‘Number of FAS migrants in NMI dropped’

Posted on May 15 2019

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FAS migration increases in other US territories—Census
DOI releases $34M Compact Impact funding

WASHINGTON, D.C.—The U.S. Census Bureau recently completed its 2018 Estimates of Compact of Free Association Migrants and the CNMI showed a decrease of 5 percent in the Freely Associated States population to 2,535.

That number accounts for 5 percent of the CNMI population.

FAS refer to Federated States of Micronesia, the Republic of the Marshall Islands, and the Republic of Palau.

The 2018 enumeration puts the number of FAS migrants in Guam at 18,874—an increase of 9 percent from 2013 that accounts for 11 percent of the total Guam population.

The number of FAS migrants in Hawaii increased by 12 percent to 16,680, a number that accounts for approximately 1 percent of the total Hawaii population.

American Samoa had no change, holding at 25 individuals, at less than 1 percent of the total American Samoa population.

These estimates, to be used for the next five years, provide the basis for determining the Compact Impact funding amounts in fiscal year 2019.

As provided for under the Compact of Free Association, funding is provided to each of the governments to help defray costs associated with increased demands placed on health, education, and social services, or infrastructure related to such services provided to individuals who have migrated from the FAS to Guam, Hawaii, the CNMI, and American Samoa.

This year, the U.S. Department of the Interior has approved for distribution Compact Impact grant funding amounting to $34 million for fiscal year 2019. The amount will be distributed to these U.S. jurisdictions.

The total fiscal year 2019 Compact Impact funding includes $30 million in annual mandatory funding and $4 million in discretionary funds, appropriated by Congress. The funds were distributed as follows: Guam ($16.8 million); Hawaii ($14.9 million); CNMI ($2.3 million); and American Samoa ($22,678)

A portion of Guam’s fiscal year 2019 Compact Impact funding was released to Guam earlier in the fall of 2018 to support Guam’s Public School Leaseback Program.

“We are thankful to Congress for providing these funds,” said Doug Domenech, U.S. Department of the Interior Assistant Secretary, Insular and International Affairs. “Given that the resources do not meet the needs as outlined by the most impacted jurisdictions, Guam and Hawaii, Interior has sought other ways to help mitigate Compact Impact. One example of this is providing financial assistance to non-profit organizations Mañelu on Guam and We Are Oceania in Hawaii.”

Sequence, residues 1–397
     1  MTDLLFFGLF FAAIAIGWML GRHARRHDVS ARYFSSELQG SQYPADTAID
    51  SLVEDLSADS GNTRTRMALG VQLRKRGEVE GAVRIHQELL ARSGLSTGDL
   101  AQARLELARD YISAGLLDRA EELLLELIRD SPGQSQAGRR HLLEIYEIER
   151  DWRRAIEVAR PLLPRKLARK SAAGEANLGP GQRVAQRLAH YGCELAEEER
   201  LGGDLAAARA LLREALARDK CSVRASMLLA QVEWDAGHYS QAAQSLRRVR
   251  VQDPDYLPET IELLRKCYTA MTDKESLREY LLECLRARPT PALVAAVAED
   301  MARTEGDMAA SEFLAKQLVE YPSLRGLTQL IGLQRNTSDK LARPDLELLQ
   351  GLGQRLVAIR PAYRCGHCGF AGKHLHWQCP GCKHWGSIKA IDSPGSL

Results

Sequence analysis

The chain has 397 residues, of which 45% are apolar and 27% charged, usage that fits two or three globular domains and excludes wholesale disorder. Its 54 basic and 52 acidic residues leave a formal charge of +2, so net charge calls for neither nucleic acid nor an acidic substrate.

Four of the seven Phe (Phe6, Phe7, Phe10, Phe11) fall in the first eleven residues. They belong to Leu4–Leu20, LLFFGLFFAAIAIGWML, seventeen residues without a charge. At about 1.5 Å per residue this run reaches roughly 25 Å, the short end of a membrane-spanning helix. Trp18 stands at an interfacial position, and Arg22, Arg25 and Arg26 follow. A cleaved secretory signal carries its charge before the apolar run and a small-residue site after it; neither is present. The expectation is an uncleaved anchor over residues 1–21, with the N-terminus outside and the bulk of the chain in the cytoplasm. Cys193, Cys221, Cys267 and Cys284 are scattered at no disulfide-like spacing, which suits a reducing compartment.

Under the Compacts of Free Association, U.S. Public Laws 99-239 (1986), 99-658 (1994), and 108-188 (2003) citizens of the Federated States of Micronesia, the Republic of the Marshall Islands, and the Republic of Palau are deemed legal nonimmigrants allowed to live, work and study in the United States without visa requirements for their duration of stay.

Since 2004, the U.S. Congress has provided an annual allocation of $30 million to be distributed to the affected jurisdictions of Guam, Hawaii, the Northern Mariana Islands, and American Samoa.

Distribution of these Compact Impact funds is based on an enumeration, which the U.S. Census Bureau provides every five years for this purpose. A copy of the 2018 enumeration can be found on the Office of Insular Affairs website under Compact Impact reports.

On April 30, 2019, Domenech announced $517,014 in technical assistance program funding to two non-profit organizations: the Mañe’lu Micronesian Resource Center One-Stop Shop in Guam and the We are Oceania Hālau Ola One-Stop Center in Hawaii.

Created with funding provided by the Office of Insular Affairs, the two non-profit organizations provide new-migrant orientation, family support services, and workforce development programs to individuals from the FAS. The programs have provided assistance to over 10,000 individuals in Hawaii, and over 3,600 in Guam.

Under current law, mandatory Compact Impact funding expires in 2023, while U.S. relationships with the Federated States of Micronesia, the Republic of the Marshall Islands, and the Republic of Palau, under the Compacts of Free Association continue. (DOI)

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